The history of the post hole auger goes back 100’s maybe even thousands of years. As long as humans needed water and wells and holes, there has been augers to drill them.
Let’s take a look at the history of post hole diggers and who came up with the idea for a powered version.
What are Augers Used For?
Augers are used for a ton of things. Ice fishermen use ice augers to drill holes in the ice all winter long and catch fish. If you have a foundation, footing, decking or fence to build, you would use a dirt or post hole auger to drill holes into the ground to secure your projects.
Gardeners use garden augers and landscapers use tree planting augers to plant trees, bulbs and vegetable starters.
Large agricultural augers are called 3 point post augers and are attached to tractors and large machinery. They drill large wells and/or holes on an industrial scale.
You even use them to bore into trees and collect maple syrup.
Post hole diggers have been used for centuries to dig holes for fence posts, decks, and other outdoor structures. The earliest post hole diggers were likely simple hand tools, such as a shovel or a pointed stick, that were used to manually dig holes in the ground.
Post Hole Digger History
History of the Manual Post Hole Auger
A manual auger can come in different styles. 1 style is just a plain old drill bit with a handle at the top that your twist as you drill your hole.
The first known auger type screw wasn’t even used to drill holes. When was the first auger made? It was invented in Greece around 250 BC to remove water from large ships.
The second kind is a clamshell digger, named that because of the way the 2 bits come together like a clam shell to grab and lift dirt out of your hole. The blades are sharp, which lets you dig and twist into your hole. Exactly who invented the first post hole clam shell auger is not well known because it happened so long ago.
Clam-shell-type pole diggers were finally patented in 1908 by J. Lawry of Lenior City, Tennessee. The patent has the traditional clam-shell design with an extra spike in the center.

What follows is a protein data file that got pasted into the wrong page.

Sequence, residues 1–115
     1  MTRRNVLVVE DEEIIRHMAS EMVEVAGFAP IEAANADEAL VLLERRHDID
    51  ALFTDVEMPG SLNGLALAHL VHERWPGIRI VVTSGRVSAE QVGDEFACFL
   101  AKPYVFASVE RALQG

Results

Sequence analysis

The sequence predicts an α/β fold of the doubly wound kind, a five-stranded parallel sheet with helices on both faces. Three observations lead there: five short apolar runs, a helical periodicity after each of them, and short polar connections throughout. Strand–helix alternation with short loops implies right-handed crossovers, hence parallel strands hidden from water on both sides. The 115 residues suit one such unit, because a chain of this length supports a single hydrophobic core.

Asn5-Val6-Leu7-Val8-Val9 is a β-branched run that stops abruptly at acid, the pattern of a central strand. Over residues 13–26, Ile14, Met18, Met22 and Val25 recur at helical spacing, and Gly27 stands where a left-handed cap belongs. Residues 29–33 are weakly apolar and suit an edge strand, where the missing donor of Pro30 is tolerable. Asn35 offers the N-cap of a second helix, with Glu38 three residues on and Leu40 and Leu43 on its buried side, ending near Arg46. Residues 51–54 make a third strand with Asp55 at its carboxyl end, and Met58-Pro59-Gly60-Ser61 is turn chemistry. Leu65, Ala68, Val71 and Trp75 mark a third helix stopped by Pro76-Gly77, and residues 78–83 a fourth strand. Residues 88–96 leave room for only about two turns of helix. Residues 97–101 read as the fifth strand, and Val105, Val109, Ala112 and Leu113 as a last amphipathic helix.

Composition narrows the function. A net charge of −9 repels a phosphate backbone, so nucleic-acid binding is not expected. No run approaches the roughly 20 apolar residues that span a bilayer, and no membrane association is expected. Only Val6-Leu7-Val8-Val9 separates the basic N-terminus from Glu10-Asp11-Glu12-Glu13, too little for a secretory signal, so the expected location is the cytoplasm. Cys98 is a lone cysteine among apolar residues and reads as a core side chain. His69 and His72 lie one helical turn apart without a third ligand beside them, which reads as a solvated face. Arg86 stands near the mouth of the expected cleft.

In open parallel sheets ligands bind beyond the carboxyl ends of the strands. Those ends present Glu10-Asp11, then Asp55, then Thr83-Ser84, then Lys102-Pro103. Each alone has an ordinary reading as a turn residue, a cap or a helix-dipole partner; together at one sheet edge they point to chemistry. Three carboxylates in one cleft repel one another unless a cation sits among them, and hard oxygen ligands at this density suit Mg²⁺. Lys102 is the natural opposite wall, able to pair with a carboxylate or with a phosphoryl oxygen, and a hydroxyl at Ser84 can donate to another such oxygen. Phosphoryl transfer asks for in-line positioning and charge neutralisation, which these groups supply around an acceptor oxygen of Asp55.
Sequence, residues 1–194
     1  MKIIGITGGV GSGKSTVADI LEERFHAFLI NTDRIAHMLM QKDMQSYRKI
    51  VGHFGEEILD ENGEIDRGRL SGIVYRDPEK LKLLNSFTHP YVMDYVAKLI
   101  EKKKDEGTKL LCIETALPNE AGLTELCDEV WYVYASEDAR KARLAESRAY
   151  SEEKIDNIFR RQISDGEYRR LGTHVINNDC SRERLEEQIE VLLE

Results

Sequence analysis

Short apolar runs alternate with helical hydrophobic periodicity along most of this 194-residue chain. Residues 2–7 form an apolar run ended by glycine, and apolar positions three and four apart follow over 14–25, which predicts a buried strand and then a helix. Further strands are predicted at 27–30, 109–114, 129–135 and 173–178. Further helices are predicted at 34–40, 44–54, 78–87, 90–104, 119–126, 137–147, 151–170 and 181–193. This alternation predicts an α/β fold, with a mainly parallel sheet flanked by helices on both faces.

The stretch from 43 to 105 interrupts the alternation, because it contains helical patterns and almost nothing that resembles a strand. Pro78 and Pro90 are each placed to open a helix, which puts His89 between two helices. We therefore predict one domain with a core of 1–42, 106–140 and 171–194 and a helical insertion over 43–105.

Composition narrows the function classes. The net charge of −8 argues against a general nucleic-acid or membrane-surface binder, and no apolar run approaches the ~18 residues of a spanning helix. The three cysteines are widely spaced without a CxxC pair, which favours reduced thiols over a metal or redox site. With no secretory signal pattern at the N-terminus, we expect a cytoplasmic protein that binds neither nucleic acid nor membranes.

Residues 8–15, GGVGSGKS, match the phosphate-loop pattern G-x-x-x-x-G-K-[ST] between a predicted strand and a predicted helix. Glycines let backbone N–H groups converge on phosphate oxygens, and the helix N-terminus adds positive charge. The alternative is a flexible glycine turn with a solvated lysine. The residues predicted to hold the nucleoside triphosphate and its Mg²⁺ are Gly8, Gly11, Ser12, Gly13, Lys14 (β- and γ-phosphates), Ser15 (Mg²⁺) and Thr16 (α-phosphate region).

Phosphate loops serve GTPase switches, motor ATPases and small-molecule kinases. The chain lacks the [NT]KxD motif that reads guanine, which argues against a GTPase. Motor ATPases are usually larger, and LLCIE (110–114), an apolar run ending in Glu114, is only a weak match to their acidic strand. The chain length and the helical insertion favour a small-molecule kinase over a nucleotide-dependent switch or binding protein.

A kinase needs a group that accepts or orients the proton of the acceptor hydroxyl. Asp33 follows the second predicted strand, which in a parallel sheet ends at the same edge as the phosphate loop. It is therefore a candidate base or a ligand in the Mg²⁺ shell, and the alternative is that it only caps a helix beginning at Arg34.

In the 19th century, manual post hole diggers began to evolve and become more efficient. The first patented post hole digger was invented in 1856 by a man named Frederick W. Frink. It was a two-person tool that was operated by two people working together, one person on each end of the tool, and it could dig a hole in a fraction of the time it took to manually dig one.
History of the Post Hole Auger: Who Invented the Post Hole Digger
The history of post hole diggers is simple. Necessity is the mother of all invention and this is the case with powered post hole augers. Where were post hole diggers invented? History has it that a farmer out in Kansas needed to drill a 1,000 post holes to fence in his property and livestock.
Doing this by hand would have been a ridiculous undertaking. So he set about solving his problem with a mechanical post hole digger. When was the first post hole digger made: post hole diggers were invented in the mid 1940s.
The farmer, John Habluetzel, scavenged pieces from other equipment (or course he did, farmers are the best) and built himself the world’s first mechanical post hole digger. The post hole auger he built was attached to his tractor, so really it was the world’s first 3 point post hole digger or tractor auger.
He later went on to use it to run a side business, drilling post holes for his neighbors at 10 cents a hole. Smart guy.
In 1999, he donated the original machine he built to the Kansas Museum of History.
Today, post hole diggers come in manual, gasoline-powered, and even electric or cordless models. They are an essential tool for any construction or landscaping project that requires digging holes.
There you have it, a brief run down of the history of post hole augers. Check out our reviews of the top post hole diggers on the market and pick yours out today.